Teens Think They’ll Still Need to Rely on You for Money in Their 30s — 3 Ways to Change That

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  • More than 30% of teens don’t believe they’ll be financially independent by age 30.
  • In spite of a strong economy, many teens lack confidence when it comes to achieving financial goals.
  • Parents can help their children by setting a good example, teaching them how to manage money and setting financial boundaries.

Roughly one-third of teenagers ages 13 to 18 don’t believe they will be able to hit major financial milestones by age 30, according to a national survey by Junior Achievement and Citizens Bank. The survey revealed a few more compelling stats about teens and money milestones at age 30:

  • More than 30% don’t believe they’ll be financially independent of their parents.
  • Only 44% think they’ll have started saving money for retirement.
  • Less than half of those surveyed believe they will have paid off their student loans.

In some ways, these results are unsurprising. Outstanding student loan debt stands at over $1.5 trillion as of April 2019, according to the Federal Reserve. Knowing that could impact a teenager’s ability to feel confident about planning for their financial future.

A separate survey by Piper Jaffray found that teenagers spend about $2,600 a year on clothing and food, indicating your kid might not have the financial literacy skills they need to begin saving.

See: 7 Things Today’s Kids Really Need to Know About Money

3 Ways to Teach Kids Financial Literacy

April is recognized as Financial Literacy Month. For parents of teens who might share the same feelings as those surveyed about financial milestones, this month can be an especially opportune time to talk to their kids about money.

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With financial literacy at top of mind these next few weeks, here are three ways parents can help their teens become financially independent:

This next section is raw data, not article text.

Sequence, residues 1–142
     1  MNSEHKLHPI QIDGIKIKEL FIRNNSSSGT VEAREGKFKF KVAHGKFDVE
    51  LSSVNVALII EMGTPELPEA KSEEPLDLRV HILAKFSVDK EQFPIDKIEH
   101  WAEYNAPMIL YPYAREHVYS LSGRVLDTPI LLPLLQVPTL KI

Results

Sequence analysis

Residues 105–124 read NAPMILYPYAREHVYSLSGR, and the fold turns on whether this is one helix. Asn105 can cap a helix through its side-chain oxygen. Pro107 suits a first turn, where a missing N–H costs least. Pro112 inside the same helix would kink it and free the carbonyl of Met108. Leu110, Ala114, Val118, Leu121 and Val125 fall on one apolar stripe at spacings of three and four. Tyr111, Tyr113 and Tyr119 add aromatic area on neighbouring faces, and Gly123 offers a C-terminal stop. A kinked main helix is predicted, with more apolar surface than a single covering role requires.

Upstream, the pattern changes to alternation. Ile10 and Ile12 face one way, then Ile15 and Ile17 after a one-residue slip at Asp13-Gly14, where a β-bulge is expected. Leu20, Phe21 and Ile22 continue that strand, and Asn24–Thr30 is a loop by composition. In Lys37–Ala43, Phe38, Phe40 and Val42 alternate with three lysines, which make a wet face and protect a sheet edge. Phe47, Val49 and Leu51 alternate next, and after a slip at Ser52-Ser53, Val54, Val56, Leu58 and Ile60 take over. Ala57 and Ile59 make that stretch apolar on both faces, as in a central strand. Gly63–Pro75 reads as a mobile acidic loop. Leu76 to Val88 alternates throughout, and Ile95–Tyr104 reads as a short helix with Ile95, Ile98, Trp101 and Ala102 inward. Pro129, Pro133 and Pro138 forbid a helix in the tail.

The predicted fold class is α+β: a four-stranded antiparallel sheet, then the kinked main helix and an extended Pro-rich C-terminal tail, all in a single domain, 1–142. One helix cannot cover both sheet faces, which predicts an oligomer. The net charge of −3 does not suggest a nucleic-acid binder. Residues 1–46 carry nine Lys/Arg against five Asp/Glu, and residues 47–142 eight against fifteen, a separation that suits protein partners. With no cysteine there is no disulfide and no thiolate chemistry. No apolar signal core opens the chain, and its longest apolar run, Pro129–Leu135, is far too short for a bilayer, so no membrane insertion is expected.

1. Model Good Financial Behavior

More than 60% of teens will turn to their parents for financial advice, according to the Junior Achievement and Citizens Bank survey. So the best way parents can teach good financial habits is by modeling those practices in their own lives.

Parents can do this by paying their bills on time, maintaining a good credit score, living below their means and saving money toward retirement.

Find Out: 20 Things Your Kids Can Learn From Your Retirement

2. Show Kids How to Budget and Save

Once kids understand the different ways they can earn money, they need to learn how to manage it. This should start as early as possible; a 2018 Purdue study found that by age 7, most kids’ financial habits are set.

To give them a full picture of what budgeting looks like, parents should consider including their children in the family’s budgeting sessions. This is a good way to explain how to track spending, pay bills and automate savings.

Learn From This Parent: Why I Pay My Kids an Allowance — and You Should Too

3. Set Financial Boundaries

Experience is the best teacher. At some point, kids will have to learn how to support themselves. In the meantime, parents can help by setting strong financial boundaries with their kids.

Once children become adults, parents aren’t obligated to support them financially. Although financial support is a personal decision, setting boundaries can be one of the best motivators to help kids move on and learn financial independence.

Investing for Everyone

Find out why a certificate of deposit could be the best tool for teaching your kid how to save.

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